Research of swarm behavior leads to DARPA Young Faculty award

portrait of Sze Zheng Yong

Sze Zheng Yong's research of the intents of controlled autonomous swarms recently earned him a DARPA Young Faculty Award. Photo by Marco-Alexis Chaira/ASU


A lifelong interest in automation and how things work on their own has lead to a prestigious award to help protect national defenses for one Arizona State University faculty member.

Sze Zheng Yong, an assistant professor of aerospace and mechanical engineering at ASU’s Ira A. Fulton Schools of Engineering, has spent his career studying the complex behaviors and interactions within and between various types of autonomous and cyberphysical systems.   

“My fascination is with how things are automated and can function without manual supervision,” said Yong.

Yong is an expert in system dynamics and control as well as robotics. His research in control and estimation of complex systems with hybrid dynamics recently earned him the prestigious DARPA Young Faculty Award for his research project “Identification and Estimation of Swarm Intent via Partitions of System Dynamics.”

While autonomous swarms, such as groups of drones, can be used for several applications, Yong’s project will not be about controlling them. Instead, he will investigate understanding the intention of autonomous swarms controlled by some other party, such as an enemy.

The element of uncertainty surrounding the malicious agents’ swarm activities hinders current efforts to model them, and the ability to develop mitigating strategies to maintain a strategic advantage and avoid surprise.

In order to understand the behavior of the swarms, the use of classical machine learning methods is no longer sufficient. Classical machine learning methods typically emphasize prediction accuracy over understanding what the obtained models represent.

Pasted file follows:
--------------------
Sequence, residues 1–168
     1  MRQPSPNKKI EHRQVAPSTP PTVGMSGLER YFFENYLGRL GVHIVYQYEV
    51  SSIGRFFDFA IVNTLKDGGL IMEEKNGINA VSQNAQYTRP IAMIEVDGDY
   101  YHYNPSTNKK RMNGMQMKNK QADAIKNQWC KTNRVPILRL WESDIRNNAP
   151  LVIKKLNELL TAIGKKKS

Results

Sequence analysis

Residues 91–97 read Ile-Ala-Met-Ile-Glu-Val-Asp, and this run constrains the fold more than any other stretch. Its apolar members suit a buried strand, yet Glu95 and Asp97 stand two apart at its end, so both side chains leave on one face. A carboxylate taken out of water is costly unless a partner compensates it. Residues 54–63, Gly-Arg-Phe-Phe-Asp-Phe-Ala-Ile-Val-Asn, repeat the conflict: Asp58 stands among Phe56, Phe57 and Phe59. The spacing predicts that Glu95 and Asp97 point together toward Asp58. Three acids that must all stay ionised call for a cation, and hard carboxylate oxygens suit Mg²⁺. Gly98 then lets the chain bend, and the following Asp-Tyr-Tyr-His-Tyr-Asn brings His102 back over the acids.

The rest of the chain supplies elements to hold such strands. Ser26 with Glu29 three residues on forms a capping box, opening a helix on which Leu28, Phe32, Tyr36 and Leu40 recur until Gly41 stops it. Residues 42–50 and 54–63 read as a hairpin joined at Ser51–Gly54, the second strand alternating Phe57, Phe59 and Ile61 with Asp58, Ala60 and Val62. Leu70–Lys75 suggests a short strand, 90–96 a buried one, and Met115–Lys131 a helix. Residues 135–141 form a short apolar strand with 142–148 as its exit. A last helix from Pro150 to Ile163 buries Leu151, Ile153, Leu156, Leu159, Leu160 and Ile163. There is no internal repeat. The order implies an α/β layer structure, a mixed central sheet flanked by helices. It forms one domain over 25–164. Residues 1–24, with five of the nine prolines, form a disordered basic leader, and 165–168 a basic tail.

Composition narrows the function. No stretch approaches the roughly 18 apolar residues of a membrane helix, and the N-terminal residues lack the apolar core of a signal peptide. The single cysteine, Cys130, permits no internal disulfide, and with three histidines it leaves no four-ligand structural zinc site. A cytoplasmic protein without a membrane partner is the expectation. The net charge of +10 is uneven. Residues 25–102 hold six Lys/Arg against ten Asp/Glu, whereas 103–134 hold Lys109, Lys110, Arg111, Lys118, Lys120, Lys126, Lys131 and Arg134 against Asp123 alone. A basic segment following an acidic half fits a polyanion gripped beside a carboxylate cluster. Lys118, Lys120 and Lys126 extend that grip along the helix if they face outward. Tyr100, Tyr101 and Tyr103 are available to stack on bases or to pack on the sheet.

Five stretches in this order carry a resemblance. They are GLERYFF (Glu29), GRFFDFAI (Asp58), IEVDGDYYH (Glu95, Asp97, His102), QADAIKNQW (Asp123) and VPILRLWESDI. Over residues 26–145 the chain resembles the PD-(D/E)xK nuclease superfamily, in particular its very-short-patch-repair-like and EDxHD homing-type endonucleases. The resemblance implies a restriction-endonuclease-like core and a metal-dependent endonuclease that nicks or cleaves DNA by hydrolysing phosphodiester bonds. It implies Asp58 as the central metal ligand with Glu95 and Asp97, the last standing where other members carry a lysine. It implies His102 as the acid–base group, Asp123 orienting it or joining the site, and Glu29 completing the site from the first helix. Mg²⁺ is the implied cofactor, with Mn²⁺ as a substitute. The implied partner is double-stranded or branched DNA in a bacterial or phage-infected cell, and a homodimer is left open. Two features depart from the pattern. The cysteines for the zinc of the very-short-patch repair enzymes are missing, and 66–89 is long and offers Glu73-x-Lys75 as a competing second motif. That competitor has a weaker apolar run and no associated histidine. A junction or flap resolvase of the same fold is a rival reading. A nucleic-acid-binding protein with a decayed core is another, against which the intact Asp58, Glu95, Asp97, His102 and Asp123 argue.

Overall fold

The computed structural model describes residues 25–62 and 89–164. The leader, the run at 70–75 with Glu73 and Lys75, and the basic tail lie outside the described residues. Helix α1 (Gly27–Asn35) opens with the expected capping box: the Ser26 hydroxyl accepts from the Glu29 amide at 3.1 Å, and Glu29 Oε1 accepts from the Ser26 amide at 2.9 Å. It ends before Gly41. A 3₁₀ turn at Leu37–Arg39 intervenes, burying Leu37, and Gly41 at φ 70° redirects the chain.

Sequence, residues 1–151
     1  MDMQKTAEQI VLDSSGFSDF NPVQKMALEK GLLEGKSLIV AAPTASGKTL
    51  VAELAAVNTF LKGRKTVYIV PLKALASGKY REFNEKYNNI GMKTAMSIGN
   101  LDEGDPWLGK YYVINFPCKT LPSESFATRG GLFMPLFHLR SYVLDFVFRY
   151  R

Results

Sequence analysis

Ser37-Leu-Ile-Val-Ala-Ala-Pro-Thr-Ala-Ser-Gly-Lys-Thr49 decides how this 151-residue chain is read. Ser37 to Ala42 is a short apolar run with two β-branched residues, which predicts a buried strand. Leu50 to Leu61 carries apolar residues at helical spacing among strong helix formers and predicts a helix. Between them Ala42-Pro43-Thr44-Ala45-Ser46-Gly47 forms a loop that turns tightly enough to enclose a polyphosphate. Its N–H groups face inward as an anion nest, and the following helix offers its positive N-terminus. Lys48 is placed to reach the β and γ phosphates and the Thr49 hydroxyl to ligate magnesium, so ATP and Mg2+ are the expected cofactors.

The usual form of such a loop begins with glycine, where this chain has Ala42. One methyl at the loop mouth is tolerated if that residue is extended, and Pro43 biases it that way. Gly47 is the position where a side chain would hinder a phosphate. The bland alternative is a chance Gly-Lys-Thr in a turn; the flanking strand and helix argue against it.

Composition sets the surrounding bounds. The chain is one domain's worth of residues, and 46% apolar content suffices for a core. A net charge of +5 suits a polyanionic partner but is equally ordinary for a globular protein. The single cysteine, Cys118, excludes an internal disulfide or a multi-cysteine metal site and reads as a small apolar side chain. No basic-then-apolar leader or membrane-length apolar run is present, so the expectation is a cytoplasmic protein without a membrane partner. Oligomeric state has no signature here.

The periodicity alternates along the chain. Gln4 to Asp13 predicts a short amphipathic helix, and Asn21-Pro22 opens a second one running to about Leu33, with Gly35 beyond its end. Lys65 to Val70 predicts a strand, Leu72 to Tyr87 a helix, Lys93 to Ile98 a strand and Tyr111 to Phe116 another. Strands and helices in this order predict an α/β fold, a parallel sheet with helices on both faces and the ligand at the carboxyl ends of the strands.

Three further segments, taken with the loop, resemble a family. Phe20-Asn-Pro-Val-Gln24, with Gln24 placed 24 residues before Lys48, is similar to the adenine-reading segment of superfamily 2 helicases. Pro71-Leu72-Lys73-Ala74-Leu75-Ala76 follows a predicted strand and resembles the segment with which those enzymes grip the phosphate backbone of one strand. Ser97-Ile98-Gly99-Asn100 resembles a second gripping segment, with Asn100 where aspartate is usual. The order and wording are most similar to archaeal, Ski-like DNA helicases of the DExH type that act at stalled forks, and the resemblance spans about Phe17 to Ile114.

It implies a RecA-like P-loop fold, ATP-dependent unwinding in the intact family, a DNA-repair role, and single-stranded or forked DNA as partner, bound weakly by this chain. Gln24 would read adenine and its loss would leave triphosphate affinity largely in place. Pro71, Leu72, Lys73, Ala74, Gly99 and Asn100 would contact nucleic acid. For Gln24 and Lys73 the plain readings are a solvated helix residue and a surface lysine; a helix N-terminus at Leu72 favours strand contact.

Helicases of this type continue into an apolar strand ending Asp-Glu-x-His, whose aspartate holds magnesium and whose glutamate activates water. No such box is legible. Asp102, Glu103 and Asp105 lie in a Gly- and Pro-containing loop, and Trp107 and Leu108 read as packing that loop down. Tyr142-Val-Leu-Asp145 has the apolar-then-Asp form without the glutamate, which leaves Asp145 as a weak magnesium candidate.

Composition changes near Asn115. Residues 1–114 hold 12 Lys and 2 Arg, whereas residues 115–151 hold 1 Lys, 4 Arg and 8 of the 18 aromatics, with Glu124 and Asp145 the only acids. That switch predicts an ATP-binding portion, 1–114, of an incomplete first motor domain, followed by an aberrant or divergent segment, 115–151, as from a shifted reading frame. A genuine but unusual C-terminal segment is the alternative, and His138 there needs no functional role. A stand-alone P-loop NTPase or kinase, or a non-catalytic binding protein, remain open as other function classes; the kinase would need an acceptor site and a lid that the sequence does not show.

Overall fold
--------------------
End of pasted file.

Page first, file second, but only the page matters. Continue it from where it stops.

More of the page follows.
“Since understanding is the main emphasis for this project, classical machine learning alone will not provide this,” said Yong.

Yong’s DARPA project will develop new computational foundations for identification and estimation (i.e., classification and prediction) of swarm intents. Swarm intents differ based on the mission and the objective, and swarm formation differs based on the desired outcome.

He identifies the uniqueness of his proposal as a reason it was selected for this award.

“I think it was chosen because the proposed ideas are rather different from conventional approaches, and the to-be-developed techniques will generally be applicable to a wide array of dynamic systems beyond swarm systems,” he said. “Moreover, the swarm intent understanding problem has many potential defense applications.”

Yong credits Jamie Winterton, director of strategy for ASU’s Global Security Initiative, for guiding him with his proposal and providing feedback via the DARPA Working Group.

The DARPA Young Faculty Award will enable Yong to develop efficient algorithms to understand complex systems and create novel functionalities and features for autonomous and cyberphysical systems, including making them safer and more secure. His students will benefit as well.

“The funding will go a long way to support the training and mentoring of doctoral students,” Yong said. “They will become the next generation’s innovators, engineers and educators.”

Yong was one of three ASU faculty members to receive a DARPA Young Faculty Award this year. The other awards went to Umit Ogras, an assistant professor of electrical and computer engineering in the Fulton Schools, and Mahyar Eftekhar, an assistant professor of supply chain management in the W. P. Carey School of Business.

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